Helen Bostock, a horticultural advisor for the RHS, recommends a robust variety known as Tornado tomatoes for outdoor growers, which grow on bushy (or "determinate") vines. Indoors, her current favourites are Sungold, which grow on longer ("indeterminate") vines, and Super Marmande, which she endorses for well-thought-out financial reasons: "I grow them because they have large fruits and the beefsteak ones in stores are just SO expensive." But, she also encourages clients to experiment with the endless varieties sold at every garden centre. "One of the really super things about growing your own is that you have an almost endless choice."
Tomatoes don't demand attention. But they do benefit from it. At this time of year, I spend probably 30 minutes a day with my vines, picking out their side-shoots (or "armpit hairs") so as to concentrate the plant's attention on fruit production. Maybe that's overdoing it: the plant is so robust that you'll often see them sprouting from the surface of raw sewage at treatment facilities. These plants are the offspring of seeds which once passed through the human body. I guess their fruit should be avoided.
The delicious intensity of a homegrown tomato and the dreariness of the commercial variety, meanwhile, raises an immediate and obvious question: why can't professional growers produce a fruit to rival amateurs? Why does the average supermarket tomato smell of absolutely nothing? Even the supposed "high end" retailers usually fall short. Ocado is currently selling a pack of four "vine tomatoes" for a princely £1.69. On its website, customers rate eating them, on average, as a "two star" experience (out of a possible five). A typical online review contends that they're: "the epitome of the worst sort of tomato – beautiful-looking, but totally tasteless. Basically big bags of water".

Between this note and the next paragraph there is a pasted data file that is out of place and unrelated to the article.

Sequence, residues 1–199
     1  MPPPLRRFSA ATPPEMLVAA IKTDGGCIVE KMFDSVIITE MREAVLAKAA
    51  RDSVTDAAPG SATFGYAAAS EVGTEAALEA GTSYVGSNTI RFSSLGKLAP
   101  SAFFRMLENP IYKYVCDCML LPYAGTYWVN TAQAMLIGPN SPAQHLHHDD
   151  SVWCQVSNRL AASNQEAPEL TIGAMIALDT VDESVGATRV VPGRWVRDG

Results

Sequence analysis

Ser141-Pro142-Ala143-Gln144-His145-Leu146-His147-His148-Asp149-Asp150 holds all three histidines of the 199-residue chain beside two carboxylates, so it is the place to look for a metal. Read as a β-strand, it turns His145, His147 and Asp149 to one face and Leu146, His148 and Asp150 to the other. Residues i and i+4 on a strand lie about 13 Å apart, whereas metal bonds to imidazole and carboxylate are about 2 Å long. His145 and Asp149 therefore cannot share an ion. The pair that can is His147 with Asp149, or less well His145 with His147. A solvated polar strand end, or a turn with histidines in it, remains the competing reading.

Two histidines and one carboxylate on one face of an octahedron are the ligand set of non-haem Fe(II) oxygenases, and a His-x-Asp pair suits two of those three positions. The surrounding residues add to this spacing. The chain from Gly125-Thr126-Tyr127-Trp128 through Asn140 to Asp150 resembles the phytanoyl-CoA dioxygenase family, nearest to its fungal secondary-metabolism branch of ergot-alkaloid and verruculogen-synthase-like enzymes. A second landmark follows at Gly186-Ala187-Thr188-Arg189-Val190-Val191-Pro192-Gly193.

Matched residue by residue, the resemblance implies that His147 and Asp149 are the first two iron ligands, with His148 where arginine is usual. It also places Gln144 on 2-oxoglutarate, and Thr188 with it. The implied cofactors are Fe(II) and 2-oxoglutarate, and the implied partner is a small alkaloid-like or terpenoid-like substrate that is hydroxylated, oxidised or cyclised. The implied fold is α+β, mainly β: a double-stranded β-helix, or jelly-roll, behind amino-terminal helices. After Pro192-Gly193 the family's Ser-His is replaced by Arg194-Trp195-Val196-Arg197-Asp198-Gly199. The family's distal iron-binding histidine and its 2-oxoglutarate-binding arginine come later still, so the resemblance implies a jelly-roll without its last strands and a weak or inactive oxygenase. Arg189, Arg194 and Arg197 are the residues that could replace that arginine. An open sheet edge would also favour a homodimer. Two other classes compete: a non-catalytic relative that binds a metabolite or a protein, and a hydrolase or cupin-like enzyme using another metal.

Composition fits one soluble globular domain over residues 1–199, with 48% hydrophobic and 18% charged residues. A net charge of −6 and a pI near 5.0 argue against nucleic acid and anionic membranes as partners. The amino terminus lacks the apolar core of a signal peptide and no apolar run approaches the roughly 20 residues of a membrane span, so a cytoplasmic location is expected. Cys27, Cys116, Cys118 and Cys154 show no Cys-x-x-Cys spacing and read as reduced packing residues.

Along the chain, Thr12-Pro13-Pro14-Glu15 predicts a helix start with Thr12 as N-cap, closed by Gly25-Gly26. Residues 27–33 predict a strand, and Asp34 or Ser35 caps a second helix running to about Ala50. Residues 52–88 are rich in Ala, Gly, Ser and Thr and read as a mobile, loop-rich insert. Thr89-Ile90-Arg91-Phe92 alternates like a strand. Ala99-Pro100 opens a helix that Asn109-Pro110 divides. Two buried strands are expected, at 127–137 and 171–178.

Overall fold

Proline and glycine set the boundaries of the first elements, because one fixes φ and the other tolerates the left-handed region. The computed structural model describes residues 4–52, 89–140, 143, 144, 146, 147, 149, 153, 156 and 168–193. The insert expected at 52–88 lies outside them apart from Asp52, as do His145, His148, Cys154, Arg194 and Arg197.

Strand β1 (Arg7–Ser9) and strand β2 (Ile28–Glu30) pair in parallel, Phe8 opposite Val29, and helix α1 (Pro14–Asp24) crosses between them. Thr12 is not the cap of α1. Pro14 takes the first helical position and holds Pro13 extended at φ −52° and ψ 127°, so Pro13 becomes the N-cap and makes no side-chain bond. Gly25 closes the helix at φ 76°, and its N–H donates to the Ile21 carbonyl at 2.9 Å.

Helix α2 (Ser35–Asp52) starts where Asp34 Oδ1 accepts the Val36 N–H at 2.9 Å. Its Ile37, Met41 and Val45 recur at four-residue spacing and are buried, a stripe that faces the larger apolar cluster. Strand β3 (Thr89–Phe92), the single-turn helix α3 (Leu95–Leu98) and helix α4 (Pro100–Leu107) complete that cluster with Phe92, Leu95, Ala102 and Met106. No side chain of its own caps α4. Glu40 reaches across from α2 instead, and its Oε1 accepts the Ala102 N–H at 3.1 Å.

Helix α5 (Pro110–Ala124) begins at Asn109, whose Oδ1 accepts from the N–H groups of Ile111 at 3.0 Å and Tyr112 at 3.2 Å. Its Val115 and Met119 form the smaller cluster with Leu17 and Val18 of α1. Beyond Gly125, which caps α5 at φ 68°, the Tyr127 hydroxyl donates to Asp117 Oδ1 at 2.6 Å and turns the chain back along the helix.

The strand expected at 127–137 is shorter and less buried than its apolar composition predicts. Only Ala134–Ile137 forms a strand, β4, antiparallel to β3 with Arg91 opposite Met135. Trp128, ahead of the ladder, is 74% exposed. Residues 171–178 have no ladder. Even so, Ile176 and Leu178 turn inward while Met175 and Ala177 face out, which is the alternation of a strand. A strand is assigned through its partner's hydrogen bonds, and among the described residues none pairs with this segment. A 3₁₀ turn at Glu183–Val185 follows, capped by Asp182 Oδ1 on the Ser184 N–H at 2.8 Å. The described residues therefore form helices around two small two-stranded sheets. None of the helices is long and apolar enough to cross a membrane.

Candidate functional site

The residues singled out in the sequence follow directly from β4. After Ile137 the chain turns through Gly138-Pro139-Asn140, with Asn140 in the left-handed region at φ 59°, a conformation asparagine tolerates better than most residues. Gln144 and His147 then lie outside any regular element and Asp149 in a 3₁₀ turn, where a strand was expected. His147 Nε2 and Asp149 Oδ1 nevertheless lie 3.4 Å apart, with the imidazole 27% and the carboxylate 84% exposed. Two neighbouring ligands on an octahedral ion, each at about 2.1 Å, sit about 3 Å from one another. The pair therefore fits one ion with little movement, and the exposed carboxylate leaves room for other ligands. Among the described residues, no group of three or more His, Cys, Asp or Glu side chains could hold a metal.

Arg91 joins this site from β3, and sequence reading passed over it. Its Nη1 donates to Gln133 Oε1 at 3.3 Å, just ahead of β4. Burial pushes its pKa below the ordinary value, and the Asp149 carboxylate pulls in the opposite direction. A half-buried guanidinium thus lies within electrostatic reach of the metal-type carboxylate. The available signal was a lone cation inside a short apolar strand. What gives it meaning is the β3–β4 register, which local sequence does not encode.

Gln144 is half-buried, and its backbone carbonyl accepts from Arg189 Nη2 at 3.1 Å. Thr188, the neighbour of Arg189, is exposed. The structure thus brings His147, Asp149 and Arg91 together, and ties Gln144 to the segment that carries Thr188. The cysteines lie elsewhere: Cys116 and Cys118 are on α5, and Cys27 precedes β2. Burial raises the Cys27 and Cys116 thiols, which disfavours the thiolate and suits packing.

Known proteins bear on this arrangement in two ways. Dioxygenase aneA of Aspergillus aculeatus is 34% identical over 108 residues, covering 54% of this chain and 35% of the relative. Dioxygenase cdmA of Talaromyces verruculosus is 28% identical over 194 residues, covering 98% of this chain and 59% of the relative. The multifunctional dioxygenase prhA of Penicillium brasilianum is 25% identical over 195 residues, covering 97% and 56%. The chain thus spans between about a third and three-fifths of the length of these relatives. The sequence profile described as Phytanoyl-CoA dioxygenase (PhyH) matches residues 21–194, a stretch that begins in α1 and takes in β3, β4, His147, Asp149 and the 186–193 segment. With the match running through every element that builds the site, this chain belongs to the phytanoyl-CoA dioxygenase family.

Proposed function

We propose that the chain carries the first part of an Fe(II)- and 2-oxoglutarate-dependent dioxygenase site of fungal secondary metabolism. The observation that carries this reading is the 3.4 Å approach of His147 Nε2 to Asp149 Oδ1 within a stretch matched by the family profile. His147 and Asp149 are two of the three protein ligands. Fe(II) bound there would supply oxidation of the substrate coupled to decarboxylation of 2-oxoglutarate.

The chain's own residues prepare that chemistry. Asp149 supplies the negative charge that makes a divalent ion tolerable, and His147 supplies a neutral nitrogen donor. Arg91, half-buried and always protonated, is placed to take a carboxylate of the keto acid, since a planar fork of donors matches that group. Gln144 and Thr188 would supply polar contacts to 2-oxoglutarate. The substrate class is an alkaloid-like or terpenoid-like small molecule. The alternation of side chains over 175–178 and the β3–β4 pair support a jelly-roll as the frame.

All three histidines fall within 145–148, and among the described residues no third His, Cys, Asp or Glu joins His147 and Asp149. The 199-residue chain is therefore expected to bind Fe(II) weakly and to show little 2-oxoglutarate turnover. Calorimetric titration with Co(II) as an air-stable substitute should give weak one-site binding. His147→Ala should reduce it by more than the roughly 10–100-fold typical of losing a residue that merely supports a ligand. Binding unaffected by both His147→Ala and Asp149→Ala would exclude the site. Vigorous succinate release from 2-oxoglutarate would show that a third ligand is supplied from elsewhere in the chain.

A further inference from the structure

The answer, or at least a good portion of it, is detailed in the important new book Tomatoland, by the US food writer and tomato authority Barry Estabrook. Focusing on production in Florida, which supplies most of the East Coast of America's winter crop, he explains how the tomato's basic biology makes it inherently unsuitable for commercial production. The plant's wild ancestors may still grow in parts of Chile, Peru and Ecuador (vines can survive the Atacama Desert, one of the most hostile places on earth), but while their leafy vine is tough and durable, its bright red fruit is quite the reverse. Indeed, when a ripe tomato is ready for eating, it is often so fragile as to be impossible to handle without causing damage. For the home-grower, fragility is no problem: you are likely to eat the tomato within hours of picking it. For a commercial producer it is, however, a disaster. To arrive on a supermarket shelf, a tomato must survive roughly a week of picking, packing and shipping. For this to happen without the fruit bruising or starting to decompose, it must therefore be picked when hard and under-ripe.
In the US, every store-bought "Tommie" is therefore removed from its vine when it is still bright green and "reddened" artificially, by leaving it for 24 hours in a room full of ethylene gas.
In the EU, where ethylene is frowned-upon, tomatoes are picked later in their life cycle and allowed to ripen during transit.
Standard commercial tomatoes are therefore never allowed to become properly ripe. The form in which they are sold is equivalent to that of a green banana. Little wonder that they taste of nothing. Rather than fighting blandness, growers have concentrated on increasing profits. Since the 1970s, the average tomato has tripled in size, diluting the existing flavour over an even greater expanse of flesh, while yields per hectare doubled during the 1980s and 1990s. Every technical innovation has been designed to oil the wheels of production, rather than improving flavour. Scientists have, for example, developed new varieties with ever thicker skins.